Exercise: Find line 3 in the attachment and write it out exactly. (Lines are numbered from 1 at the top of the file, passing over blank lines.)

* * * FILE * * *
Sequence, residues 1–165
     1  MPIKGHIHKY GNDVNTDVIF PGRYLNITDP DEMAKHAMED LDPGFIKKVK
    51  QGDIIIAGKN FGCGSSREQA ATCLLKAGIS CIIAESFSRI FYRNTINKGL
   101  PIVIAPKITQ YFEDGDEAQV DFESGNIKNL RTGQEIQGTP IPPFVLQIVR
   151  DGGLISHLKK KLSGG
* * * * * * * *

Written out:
    51  QGDIIIAGKN FGCGSSREQA ATCLLKAGIS CIIAESFSRI FYRNTINKGL